Take a quick glance around your office. What do you see? Categorically “Start-up” types in t-shirts and jeans passing bottles of craft beer around? Or “Suits”, with their collars starched to perfection, hunched over their laptops and scrambling away at emails? What would happen if we flipped these scenarios around? I for one, would love to see my accountant rock up to work in a Hawaiian Shirt; a calculator in one hand, and a piña colada in the other. But what difference would this make?
All successful companies must eventually answer the same basic question: How do you establish new growth strategies and business opportunities from within your organization? The new book, The Art of Opportunity was written to help your business answer that question. The concepts were cultivated through more than 20 years of academic research and experience, providing organizations with a detailed blueprint for how to grow, innovate, and transform.
Innovation leaders today don’t have an easy job. Tasked with bringing Innovation to their organization, they often face a variety of interpretations of innovation throughout the organization, a lack of comprehensive understanding of what innovation really entails, and what it requires to truly embed innovation in a way that it sustains itself.
The terms creative leadership and innovation leadership are being used more and more. Creative qualities in leaders are nowadays greatly desired, say research surveys: Lack of creativity is seen as the most serious shortcoming in new hires reports the Economist’s Global Talent Index Report 2012 and creativity is seen as the most important leadership quality in a 2012 study of IBM under over 1,500 CEO’s. So, what is Creative Leadership and what is sparking this interest in it?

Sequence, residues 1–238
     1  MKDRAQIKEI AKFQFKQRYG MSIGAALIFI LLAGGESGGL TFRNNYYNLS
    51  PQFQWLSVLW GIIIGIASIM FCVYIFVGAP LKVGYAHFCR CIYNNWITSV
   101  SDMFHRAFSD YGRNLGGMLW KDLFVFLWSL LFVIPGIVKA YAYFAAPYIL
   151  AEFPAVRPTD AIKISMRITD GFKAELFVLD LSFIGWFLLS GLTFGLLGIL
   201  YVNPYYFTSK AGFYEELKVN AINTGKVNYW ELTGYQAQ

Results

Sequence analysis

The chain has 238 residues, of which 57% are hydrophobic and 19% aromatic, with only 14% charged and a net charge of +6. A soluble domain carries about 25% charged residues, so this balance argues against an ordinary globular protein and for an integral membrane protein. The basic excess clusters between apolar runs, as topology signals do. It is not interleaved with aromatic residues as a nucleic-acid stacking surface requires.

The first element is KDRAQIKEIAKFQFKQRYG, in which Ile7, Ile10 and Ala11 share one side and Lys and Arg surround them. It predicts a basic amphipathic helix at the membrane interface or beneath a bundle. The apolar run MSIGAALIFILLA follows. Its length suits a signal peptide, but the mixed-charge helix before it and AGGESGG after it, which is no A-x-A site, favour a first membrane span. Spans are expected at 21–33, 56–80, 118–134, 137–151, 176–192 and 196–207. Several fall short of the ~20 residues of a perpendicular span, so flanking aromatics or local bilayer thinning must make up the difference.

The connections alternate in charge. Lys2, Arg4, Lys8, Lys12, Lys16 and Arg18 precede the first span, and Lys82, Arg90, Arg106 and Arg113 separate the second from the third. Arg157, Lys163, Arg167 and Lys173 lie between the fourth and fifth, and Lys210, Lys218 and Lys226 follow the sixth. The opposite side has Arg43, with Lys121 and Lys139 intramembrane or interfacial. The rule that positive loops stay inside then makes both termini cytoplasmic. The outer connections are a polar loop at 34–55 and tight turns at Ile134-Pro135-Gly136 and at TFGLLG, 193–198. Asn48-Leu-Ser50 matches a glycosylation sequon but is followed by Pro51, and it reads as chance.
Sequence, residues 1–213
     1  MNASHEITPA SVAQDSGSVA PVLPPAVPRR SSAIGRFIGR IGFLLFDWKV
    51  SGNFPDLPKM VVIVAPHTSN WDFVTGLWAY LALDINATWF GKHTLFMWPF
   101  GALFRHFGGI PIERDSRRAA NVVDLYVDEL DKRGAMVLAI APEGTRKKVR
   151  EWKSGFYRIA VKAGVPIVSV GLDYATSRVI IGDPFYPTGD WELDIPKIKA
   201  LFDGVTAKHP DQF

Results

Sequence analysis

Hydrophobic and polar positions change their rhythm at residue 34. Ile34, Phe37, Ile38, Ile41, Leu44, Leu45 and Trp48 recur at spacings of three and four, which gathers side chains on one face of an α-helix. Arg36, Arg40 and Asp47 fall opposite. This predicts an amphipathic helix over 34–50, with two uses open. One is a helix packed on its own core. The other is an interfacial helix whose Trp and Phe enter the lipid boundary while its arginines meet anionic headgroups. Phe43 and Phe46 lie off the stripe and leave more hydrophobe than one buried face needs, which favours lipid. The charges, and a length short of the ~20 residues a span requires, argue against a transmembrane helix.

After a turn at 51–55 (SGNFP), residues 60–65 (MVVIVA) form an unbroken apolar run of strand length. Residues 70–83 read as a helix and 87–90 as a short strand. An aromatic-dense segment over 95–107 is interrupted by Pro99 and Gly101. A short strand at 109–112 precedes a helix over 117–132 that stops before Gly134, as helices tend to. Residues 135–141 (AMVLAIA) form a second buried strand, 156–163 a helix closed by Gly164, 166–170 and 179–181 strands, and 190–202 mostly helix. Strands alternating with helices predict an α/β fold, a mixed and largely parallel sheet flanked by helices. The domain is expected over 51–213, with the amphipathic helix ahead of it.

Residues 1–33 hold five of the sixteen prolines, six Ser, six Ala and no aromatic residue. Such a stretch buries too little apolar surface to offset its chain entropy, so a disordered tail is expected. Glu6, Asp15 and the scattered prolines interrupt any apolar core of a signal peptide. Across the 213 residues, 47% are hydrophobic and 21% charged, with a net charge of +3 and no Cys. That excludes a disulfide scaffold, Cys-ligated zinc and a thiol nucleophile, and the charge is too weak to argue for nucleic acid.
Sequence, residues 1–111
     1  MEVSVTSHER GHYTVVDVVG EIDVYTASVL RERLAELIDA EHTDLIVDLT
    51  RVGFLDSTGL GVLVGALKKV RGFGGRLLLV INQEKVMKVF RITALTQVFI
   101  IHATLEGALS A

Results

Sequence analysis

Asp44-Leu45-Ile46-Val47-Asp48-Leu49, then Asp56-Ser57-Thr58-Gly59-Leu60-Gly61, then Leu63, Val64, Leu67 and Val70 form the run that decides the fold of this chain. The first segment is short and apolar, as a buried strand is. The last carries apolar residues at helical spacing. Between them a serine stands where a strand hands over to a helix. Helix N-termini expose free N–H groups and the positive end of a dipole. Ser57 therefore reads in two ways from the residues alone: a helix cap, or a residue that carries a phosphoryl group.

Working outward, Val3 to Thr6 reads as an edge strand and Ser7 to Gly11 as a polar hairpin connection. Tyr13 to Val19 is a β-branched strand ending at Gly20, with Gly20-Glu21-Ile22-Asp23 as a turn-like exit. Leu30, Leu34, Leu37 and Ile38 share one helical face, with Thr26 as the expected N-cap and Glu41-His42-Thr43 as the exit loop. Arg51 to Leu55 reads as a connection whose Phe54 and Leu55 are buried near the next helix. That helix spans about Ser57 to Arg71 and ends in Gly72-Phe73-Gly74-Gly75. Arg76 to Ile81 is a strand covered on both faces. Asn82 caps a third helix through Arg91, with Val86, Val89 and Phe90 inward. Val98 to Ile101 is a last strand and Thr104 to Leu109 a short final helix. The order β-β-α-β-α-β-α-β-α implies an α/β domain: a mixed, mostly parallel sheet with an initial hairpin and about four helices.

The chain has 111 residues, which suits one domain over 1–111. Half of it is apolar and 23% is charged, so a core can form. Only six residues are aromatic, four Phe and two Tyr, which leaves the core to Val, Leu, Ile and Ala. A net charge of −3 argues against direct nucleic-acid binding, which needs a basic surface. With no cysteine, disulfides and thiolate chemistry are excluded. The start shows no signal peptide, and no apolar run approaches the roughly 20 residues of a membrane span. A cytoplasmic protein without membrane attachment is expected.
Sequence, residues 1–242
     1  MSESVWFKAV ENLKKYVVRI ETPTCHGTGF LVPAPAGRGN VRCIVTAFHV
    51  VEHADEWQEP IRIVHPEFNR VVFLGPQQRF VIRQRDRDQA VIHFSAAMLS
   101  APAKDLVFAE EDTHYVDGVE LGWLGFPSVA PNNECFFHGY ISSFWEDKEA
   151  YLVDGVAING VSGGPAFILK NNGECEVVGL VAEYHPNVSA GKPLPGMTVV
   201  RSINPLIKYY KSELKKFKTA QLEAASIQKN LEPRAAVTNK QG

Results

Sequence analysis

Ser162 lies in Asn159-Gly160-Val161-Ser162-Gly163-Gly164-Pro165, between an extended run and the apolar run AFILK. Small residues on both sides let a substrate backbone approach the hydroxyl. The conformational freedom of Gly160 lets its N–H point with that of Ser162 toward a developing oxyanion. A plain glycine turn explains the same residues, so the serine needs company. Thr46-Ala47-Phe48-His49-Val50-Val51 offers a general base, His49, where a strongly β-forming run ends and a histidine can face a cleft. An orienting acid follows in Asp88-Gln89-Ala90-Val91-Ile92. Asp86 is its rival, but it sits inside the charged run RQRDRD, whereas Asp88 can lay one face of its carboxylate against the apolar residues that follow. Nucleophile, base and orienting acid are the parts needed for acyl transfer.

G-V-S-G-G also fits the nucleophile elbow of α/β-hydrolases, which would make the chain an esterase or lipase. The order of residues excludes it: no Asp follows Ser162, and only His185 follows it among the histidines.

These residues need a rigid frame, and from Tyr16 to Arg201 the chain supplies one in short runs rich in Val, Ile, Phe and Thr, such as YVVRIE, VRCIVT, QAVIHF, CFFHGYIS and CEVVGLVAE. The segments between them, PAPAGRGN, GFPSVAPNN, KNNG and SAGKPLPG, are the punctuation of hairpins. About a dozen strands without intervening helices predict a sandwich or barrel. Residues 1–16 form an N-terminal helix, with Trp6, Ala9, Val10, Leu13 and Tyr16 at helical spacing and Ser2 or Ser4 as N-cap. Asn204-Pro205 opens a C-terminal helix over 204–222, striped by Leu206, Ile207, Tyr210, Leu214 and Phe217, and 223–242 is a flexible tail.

You can’t go an entire commercial break during the World Cup or a State of the Union address without hearing the word innovation pop up at least once or twice. Companies have added innovation to their company values and mission statements in accelerating numbers.
Innovation Governance delivers on the strategic intent of innovation. Yet few organizations seem to get Governance right. This live IM Channel One Roundtable Discussion, hosted by Imaginatik, explores the role of an Innovation Steering Committee in enterprise innovation: how to construct and manage it, measure innovation and use it to engage the hearts of employees, customers and leaders.
As innovation practitioners, few of us would refute that decision-making is one of the biggest progress-halting problems in corporations pursuing innovation as a continuous process. This article introduces a hands-on tool to help innovators, management members and corporate boards to follow a visual, utterly practical method to “consider” (as opposed to evaluate) new projects and their possible implications in their companies’ future. The tool in turn, fosters lean communication and inclusive understanding among diverse participants, claiming that, by following its structure, innovation is not only possible, but repeatable.